Stay Safe

Wednesday, July 25, 2012

Something horrible happened near my house on Saturday night. I live in a nice city, in a relatively nice area, but that didn't stop a girl being attacked in the park where I walk my dogs, found by members of the public three hours after she left a group of friends in the city centre. There hasn't been much information, just a call for witnesses and the continuing presence of the police at the scene. And I am terrified.

This the park where I walk my dogs, the park that I nip through to visit friends, the park that I see happy children playing in daily. The man (or men) that did this is still out there, I can only hope that whoever it was is found quickly and brought to justice, but until then, and probably after, I will feel fear when I walk through that park.

Unfortunately I can't stop my life because something horrible happened, I still have to take the dogs on a last walk, I still have to walk along that street if I want to get home in the evening. The best I can do is protect myself the best I can, and keep as safe as possible when I am out at night. So, as a reminder to myself, and to everyone else, here's some good advice I've collected.

Here are some of, what I think, are some of the key points to remember, along with some useful hints. 

Lack of awareness: Always know where you are going, and what is going on around you. Never leave anywhere at night without knowing your exact route home, and always take the safest, shortest route possible. Be aware of your surroundings too, watch out for other people and vehicles. If I'm walking somewhere quiet or where I feel nervous I try and walk near a group with women in it. Although there are bad people out there most of them are still decent, and being near a group will hopefully put off any lone weirdos. 

Body language: Keep your head up, walk with purpose. When you're walking at night walk in the middle of the pavement and walk at a strong, steady pace. Keep your head up (this can also helps you be more aware of your surroundings!) and keep at least one hand out of your pockets. When I'm nervous I like to have my phone to hand so I can call the police if needs be, but keep one arm free so you can fight someone off if you need to.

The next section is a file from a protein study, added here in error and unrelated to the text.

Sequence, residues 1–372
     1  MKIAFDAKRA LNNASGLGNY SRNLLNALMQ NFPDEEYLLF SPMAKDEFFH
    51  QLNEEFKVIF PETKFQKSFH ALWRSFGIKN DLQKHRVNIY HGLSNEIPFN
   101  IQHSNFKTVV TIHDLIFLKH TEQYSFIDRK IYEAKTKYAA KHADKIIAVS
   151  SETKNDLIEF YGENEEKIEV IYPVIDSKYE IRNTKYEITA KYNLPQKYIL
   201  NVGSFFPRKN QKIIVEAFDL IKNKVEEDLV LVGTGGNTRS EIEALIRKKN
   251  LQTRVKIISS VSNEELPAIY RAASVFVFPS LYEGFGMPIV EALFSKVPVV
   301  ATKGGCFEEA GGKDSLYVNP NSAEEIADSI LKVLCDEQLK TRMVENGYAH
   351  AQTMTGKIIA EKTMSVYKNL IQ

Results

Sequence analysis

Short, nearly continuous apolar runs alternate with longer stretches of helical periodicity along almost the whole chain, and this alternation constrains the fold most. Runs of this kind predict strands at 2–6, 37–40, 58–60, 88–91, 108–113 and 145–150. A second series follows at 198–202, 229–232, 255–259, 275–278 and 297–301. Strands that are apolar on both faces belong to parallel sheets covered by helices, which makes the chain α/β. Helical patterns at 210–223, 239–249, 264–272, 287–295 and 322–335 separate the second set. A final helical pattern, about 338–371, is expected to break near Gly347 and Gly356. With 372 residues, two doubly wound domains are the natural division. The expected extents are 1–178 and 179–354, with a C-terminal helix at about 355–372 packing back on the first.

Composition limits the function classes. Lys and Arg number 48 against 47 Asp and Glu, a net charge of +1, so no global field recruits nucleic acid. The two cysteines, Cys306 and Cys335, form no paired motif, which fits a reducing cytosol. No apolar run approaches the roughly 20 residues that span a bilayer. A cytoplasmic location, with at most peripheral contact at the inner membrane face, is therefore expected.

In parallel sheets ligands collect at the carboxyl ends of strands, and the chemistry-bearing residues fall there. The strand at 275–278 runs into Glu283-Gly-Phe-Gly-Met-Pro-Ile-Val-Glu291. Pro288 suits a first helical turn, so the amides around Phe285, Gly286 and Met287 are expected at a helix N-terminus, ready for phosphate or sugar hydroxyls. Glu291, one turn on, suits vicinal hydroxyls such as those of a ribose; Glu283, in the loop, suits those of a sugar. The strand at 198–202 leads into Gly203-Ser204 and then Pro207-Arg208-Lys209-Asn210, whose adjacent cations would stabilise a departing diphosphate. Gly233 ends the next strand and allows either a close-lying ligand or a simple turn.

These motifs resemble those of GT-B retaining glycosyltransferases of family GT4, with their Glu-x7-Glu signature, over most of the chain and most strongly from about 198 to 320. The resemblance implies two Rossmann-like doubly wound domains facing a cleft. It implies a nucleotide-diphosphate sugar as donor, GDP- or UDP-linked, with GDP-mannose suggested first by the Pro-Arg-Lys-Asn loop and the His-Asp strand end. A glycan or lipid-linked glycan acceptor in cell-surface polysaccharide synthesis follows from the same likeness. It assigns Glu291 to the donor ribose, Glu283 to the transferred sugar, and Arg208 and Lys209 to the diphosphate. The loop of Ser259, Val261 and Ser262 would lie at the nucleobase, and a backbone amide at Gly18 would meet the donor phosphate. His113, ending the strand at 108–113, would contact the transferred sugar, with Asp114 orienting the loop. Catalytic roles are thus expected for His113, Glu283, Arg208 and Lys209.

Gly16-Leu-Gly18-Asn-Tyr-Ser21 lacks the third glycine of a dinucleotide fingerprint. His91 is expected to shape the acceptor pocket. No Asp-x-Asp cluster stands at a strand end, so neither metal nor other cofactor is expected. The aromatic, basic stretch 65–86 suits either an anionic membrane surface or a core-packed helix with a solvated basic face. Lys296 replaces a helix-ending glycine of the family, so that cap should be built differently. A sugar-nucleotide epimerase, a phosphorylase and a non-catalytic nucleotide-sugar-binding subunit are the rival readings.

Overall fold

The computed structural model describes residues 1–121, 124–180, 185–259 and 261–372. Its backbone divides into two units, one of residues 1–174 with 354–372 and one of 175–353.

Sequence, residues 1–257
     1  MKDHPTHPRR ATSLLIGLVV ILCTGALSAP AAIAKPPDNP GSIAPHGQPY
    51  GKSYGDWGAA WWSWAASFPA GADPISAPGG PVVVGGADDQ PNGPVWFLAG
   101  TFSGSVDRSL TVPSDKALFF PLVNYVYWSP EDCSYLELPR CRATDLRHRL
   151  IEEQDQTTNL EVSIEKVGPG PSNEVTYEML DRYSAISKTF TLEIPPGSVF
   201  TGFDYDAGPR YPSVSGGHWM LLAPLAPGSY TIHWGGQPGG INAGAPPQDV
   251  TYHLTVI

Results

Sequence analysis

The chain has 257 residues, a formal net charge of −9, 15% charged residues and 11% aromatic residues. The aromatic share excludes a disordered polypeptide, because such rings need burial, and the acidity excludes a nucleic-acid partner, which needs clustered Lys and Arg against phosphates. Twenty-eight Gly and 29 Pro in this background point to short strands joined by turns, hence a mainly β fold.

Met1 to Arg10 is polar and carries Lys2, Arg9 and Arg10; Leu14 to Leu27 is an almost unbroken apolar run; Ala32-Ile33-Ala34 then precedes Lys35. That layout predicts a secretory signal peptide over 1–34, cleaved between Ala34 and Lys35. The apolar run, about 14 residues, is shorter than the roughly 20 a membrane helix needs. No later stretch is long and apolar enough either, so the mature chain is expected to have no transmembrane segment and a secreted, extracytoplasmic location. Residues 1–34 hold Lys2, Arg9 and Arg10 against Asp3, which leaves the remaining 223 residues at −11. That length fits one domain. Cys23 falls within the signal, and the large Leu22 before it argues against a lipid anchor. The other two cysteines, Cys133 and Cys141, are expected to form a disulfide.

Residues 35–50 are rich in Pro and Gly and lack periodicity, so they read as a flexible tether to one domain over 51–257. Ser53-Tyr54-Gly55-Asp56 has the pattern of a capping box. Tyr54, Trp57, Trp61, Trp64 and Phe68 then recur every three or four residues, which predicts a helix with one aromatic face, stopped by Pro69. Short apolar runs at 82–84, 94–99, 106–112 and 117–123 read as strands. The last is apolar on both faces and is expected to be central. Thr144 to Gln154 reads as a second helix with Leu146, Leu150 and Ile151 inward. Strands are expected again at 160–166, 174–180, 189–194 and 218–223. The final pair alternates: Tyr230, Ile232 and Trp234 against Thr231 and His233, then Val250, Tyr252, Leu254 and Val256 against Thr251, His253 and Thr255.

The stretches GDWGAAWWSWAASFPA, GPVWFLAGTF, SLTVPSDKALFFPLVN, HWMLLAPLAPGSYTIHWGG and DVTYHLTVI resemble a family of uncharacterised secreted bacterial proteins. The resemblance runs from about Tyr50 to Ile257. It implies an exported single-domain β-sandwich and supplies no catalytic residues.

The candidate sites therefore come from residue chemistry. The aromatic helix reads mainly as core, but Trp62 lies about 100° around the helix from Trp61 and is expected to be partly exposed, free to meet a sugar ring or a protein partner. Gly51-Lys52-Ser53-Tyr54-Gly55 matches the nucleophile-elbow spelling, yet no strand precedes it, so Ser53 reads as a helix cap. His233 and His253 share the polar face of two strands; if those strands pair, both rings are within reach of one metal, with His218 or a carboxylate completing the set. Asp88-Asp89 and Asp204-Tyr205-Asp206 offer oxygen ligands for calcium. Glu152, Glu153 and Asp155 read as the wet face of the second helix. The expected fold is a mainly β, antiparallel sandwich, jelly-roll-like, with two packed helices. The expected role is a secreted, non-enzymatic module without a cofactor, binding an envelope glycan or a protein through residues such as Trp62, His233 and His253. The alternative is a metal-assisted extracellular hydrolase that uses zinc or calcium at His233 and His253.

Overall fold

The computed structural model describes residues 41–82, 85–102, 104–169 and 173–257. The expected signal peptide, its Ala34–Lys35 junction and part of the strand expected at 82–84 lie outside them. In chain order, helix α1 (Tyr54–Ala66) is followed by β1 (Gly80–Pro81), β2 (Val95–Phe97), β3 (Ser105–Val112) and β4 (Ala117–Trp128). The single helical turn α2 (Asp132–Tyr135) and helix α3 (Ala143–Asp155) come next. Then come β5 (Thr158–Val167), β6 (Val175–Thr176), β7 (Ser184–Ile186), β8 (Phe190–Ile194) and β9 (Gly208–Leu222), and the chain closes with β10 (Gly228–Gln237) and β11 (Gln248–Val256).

I hate giving this piece of advice, because I hate the attitude that the way you dress affects your chances of getting attacked, but if you're planning on wearing an amazing pair of heels out for the night I would definitely suggest taking a pair of flats with you. I always try and wear shoes I would feel comfortable running in late at night, plus it saves your pretty shoes from pesky things like puddles and stepping on someone's discarded takeout. Other than that I don't really think how you dress affects your chances of getting attacked, I've had inappropriate men talk to me when I've been wearing short skirts back from a club and nipping out for a midnight snack in my jogging bottoms. 

Sheer bad luck: Sometimes you are just in the wrong place at the wrong time, but if someone is making you uncomfortable or nervous there are good and bad ways to deal with it. Remember there is no shame in letting someone know, forcefully if needed, that they are making you uncomfortable. This can be done in lots of ways, it can be as simple as crossing the street to avoid a group of rowdy guys, and can go as far as pushing someone away from you and yelling. Whatever you have to do, just remember to do it forcefully, telling someone quietly to leave you alone is nothing on loudly stating that they get lost (or whatever colourful language you want to use). If you aren't sure you have the guts to tell someone to go away then you can always carry a rape alarm, it has a similar affect.    

What you can carry to protect yourself: In the UK it is illegal to carry any type of weapon on your person, obviously that includes knives, but it also includes pepper spray, tasers or anything else that could be considered a dangerous to another person. You are however allowed to use anything that comes to hand, as long as you are aiming to defend yourself, not kill or maim. I know some people who like to have their hands on their keys, another who carries a fork (she lives in a very rough area) and another who carries ordinary pepper with a flip off lid to throw in an attackers face. If you're forced to use your own body for defence then it is much more effective to use your elbow than your fist.

Know the numbers: I've felt a lot safer since I programmed the numbers of all of Edinburgh's police stations into my phone. I was taught from an early age that 999 is only for emergencies, and in my 24 years I have only needed to call it once. Having a local police number means that if I am feeling uncomfortable in any way I have the ability to call and ask for assistance, whether that's just explaining what is making me uncomfortable, or asking if a police car can drive by. 

I know you guys are savvy, you're independent women who know how to look after yourself, but it can be easy to forget safety tips when you are chatting on your mobile with your best friend, or walking back after a drink too many. Sometimes it takes something horrible to remind of us things we already know. 

Stay safe out there. 

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  1. I'm so sorry to hear someone was attacked! How scary, and definitely a wake-up call and reminder to be alert.

  2. This is good advice. I'm always looking around. That reminds me, I really need to get something to protect myself, thank you!

  3. Very good reminder. It's always scary when things like this happen because we often take for granted how safe we are or aren't!


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